This article is a transcribed edited summary of a video Bob and Brad recorded in February of 2022. For the original video go to https://youtu.be/wdymXr2b0H4
Bob: What are we going to talk about today, Brad?
Brad: We are going to talk about the shoulder, separation versus dislocation. There’s a clear difference between the two and you need to know what you actually have.
Bob: I think it’s often mixed up. I think people think separated is dislocated.
Brad: Right, but not so! What we’re going to talk about is first a separated shoulder. We are going to use Sam (the skeleton). Here you’ve got your clavicle or your collarbone. Same thing. It comes over and there’s ligaments connecting the end of your collarbone to your scapula or shoulder blade. The bone on the end is called the acromion. There’s a ligament here from the clavicle to the acromion. There’s also another ligament that goes underneath and connects to the coracoid process. You don’t need to know these names. And a third ligament, the Conoid ligament. They all stabilize the clavicle, which is a really important part of your shoulder movement.
Bob: Really, when we are talking about separation, we’re talking about the clavicle. It’s that
bone right here, you can feel it easily on yourself.
Brad: So, what happens if you have a separation, it’s the clavicle literally separating from the acromion and the coracoid process. These two bones. So, the line represents if you have a separation. There are three grades of separation: one, two and three. First grade is the acromioclavicular ligament is torn. If you have a second degree, it’s a little worse, the acromioclavicular ligament and the trapezoid ligament are torn. If you have a third degree, that’s the worst. All three of these ligaments are torn and this clavicle just pops right up. I had this happen to me and my wife has it right now after ten years but hers is not very noticeable. When it happens, the collarbone sticks up pretty high, it can, and it looks obvious.
Bob: And it’s called?
Brad: This is called the piano keys syndrome.
Bob: I didn’t understand that at first but if you push down on it, it pops back up. So, like a piano key.
Brad: Yup, you’ll see a bump there. I remember mine was dislocated and I moved around, and it really popped up. It hurt; it was no fun. I looked in the mirror and it was like; I didn’t think about piano key, but you can push down on it because there’s nothing holding it. You can push down, and it pops back up. After it’s happened for a while, for a few days, it typically settles down: it’s not so painful. Then you can push it up and down.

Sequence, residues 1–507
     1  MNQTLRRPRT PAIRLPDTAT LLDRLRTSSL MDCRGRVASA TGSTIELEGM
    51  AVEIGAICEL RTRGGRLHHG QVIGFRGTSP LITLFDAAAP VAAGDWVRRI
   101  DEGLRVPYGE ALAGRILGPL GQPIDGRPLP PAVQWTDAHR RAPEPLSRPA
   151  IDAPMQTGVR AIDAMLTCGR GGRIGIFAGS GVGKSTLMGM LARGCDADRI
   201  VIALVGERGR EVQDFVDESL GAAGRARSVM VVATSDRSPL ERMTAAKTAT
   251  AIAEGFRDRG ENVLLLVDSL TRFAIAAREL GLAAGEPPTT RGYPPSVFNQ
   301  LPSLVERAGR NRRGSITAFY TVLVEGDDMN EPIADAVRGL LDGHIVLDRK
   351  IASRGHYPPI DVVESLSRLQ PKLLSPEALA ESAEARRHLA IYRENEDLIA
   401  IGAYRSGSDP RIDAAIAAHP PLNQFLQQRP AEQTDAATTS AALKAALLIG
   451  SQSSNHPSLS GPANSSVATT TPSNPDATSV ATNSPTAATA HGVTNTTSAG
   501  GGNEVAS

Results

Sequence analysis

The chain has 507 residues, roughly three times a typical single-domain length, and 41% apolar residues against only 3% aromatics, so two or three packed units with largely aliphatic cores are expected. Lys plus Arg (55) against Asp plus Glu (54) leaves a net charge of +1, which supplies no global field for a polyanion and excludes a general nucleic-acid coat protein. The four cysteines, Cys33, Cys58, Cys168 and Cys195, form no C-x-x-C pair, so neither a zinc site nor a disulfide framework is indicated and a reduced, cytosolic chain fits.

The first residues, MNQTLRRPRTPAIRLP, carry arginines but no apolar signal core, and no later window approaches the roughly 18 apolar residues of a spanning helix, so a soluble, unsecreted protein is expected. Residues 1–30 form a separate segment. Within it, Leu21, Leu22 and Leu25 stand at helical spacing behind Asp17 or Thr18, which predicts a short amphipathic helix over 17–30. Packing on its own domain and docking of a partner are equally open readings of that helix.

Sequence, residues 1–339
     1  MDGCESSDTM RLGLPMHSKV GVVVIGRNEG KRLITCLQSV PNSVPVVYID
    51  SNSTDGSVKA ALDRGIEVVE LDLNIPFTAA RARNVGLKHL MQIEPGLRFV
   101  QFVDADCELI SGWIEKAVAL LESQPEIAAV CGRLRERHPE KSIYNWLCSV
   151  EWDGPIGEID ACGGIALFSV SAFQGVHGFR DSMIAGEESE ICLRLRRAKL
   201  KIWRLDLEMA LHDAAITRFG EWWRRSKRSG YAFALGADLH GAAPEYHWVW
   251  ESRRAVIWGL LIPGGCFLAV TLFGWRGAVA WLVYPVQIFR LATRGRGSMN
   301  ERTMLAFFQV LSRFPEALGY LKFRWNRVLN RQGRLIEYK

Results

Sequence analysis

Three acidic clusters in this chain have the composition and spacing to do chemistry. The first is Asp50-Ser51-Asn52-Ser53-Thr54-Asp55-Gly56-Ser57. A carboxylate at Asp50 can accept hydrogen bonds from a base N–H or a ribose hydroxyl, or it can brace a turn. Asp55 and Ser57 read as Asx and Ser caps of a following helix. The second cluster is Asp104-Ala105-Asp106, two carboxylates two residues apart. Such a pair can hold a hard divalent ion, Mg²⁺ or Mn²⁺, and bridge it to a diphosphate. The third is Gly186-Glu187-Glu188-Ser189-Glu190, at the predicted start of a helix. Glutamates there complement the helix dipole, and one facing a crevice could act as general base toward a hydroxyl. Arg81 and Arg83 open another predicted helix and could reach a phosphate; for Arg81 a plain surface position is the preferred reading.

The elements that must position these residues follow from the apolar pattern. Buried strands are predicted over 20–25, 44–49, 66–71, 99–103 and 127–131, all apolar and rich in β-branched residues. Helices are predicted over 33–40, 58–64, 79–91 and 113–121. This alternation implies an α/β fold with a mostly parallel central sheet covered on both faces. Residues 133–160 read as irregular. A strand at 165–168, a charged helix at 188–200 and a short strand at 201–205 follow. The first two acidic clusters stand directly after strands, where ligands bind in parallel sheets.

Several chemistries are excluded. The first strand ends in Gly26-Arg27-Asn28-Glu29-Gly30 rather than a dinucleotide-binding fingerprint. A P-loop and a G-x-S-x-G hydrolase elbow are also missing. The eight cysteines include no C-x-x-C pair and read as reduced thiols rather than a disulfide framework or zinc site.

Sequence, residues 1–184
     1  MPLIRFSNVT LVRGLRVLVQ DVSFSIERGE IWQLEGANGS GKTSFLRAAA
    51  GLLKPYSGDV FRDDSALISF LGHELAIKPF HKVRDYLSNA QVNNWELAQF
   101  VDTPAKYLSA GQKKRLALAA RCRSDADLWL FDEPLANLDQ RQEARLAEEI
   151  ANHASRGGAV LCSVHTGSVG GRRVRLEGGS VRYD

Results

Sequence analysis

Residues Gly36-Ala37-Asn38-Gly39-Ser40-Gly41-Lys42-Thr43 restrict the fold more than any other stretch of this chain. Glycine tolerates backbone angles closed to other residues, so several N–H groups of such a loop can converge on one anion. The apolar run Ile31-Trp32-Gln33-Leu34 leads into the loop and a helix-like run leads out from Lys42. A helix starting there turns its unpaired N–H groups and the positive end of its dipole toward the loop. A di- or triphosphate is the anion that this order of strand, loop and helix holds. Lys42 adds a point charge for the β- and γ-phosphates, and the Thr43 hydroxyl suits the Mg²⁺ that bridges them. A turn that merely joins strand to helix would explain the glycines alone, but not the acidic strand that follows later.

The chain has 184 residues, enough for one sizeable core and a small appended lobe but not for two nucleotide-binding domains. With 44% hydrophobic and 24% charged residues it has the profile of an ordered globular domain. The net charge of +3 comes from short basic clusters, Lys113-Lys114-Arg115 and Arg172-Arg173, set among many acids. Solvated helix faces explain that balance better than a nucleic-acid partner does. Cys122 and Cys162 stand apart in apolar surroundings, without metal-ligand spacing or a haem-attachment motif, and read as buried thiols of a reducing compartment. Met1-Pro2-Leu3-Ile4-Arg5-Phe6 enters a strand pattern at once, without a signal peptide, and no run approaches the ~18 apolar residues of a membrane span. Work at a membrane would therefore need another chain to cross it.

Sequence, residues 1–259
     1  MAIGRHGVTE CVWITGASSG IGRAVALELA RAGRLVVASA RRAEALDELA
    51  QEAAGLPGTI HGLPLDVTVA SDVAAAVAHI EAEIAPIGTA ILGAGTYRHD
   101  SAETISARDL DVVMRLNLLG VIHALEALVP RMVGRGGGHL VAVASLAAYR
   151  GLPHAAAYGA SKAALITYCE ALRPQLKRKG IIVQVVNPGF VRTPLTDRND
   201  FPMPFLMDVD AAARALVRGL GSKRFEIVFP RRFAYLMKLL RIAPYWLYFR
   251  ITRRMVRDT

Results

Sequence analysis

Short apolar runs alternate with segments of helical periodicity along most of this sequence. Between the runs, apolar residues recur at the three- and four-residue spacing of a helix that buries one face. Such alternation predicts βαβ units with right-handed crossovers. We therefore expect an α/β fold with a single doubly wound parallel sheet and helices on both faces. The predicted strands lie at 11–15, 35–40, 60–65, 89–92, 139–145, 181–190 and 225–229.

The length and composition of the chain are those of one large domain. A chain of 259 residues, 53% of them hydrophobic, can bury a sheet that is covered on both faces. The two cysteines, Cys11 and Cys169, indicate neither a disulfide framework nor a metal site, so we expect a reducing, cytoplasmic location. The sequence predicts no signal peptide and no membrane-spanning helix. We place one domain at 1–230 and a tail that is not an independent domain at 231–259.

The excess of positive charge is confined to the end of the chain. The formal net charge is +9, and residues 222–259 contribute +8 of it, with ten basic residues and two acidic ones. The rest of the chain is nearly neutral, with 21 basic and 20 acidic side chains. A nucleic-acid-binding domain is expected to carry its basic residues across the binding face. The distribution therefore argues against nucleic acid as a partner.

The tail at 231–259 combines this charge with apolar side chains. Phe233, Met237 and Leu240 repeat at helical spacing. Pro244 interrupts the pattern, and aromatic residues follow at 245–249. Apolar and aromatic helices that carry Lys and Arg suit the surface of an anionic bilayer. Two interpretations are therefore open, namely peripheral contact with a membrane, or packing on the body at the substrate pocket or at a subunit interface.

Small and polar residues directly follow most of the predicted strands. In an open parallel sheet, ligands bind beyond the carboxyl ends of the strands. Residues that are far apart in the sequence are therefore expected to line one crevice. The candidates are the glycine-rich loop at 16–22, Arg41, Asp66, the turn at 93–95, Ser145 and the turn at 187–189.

Bob: What’s amazing about it is, quite often the body will heal it.
Brad: Yes, it rarely has surgery. Unless it’s really severe or if you’re a high-level athlete and you need it, they may do something or if it’s an aesthetic, or an appearance thing, like if you’re a model and you have bare shoulders.
Bob: You don’t have to worry about that, Brad.
Brad: No, I have no problem with that! So, that’s a separated shoulder. Xray’s will show you don’t need an MRI. Same with a dislocated shoulder.
Bob: You probably could almost see it manually.
Brad: Right. You’ll get an X-ray to confirm things though. If you look at this side, here we have the shoulder joint.
Bob: We have the humerus and the ball, and it fits into the socket right here.
Brad: A dislocated shoulder has nothing to do with a separated shoulder. Everything is intact on the clavicle, but the head of the humerus pops out of the socket.
Bob: If I remember right, like 95% go forward. They don’t go back like this.
Brad: Yeah, probably the rest will go down or down and forward. It really doesn’t matter, it hurts!
Bob: The mechanism for doing so is it needs to be understood. By turning your arm out, like this, that causes the head to move forward.
Brad: Or if you have an outstretched arm and you fall and there’s a lot of leverage, it causes that same dislocation. Again, no MRIs are needed, just an x-ray. Usually, you can see it. Then, hopefully, it pops back in. Sometimes you have to go into the ER.
Bob: The surgeon has to do it.
Brad: It’s very painful. Hopefully they can get it done. My mother, she fell on the ice and hers dislocated. Actually, I saw the x-rays and it went down on the rib cage. She went to the ER, and they pushed it back in and then she was much happier. After that, typically no surgery. You need to do some strengthening. Let it settle down for a few days, and then get into some strengthening exercises.
Bob: Let’s make this point, Brad. If you are younger and you keep dislocating your shoulder, then they might do surgery. You’re more susceptible to this if you are younger. The ligaments have more stretch.
Brad: You might be considered hypermobile, maybe your joints are all a little lax.
Bob: But, if you’re older, this is one of the few advantages of being older is they probably won’t do surgery.
Brad: Sure, ha-ha. That does make me feel better. I’ve never dislocated a shoulder.
Bob: Me either.
Brad: There’s one thing I did want to mention here. Should we show them the sulcus sign?
Brad: So, if you have a dislocated shoulder, this bone, you pull down and you’ll see a bump right there. I’m going to see if I can relax, you can't see it very well. My ligaments aren’t loose. Some people are loose enough where you can see a gap here between the acromion and the humeral head. If you have a stroke and all these muscles are lax, that’s pretty common on a stroke patient.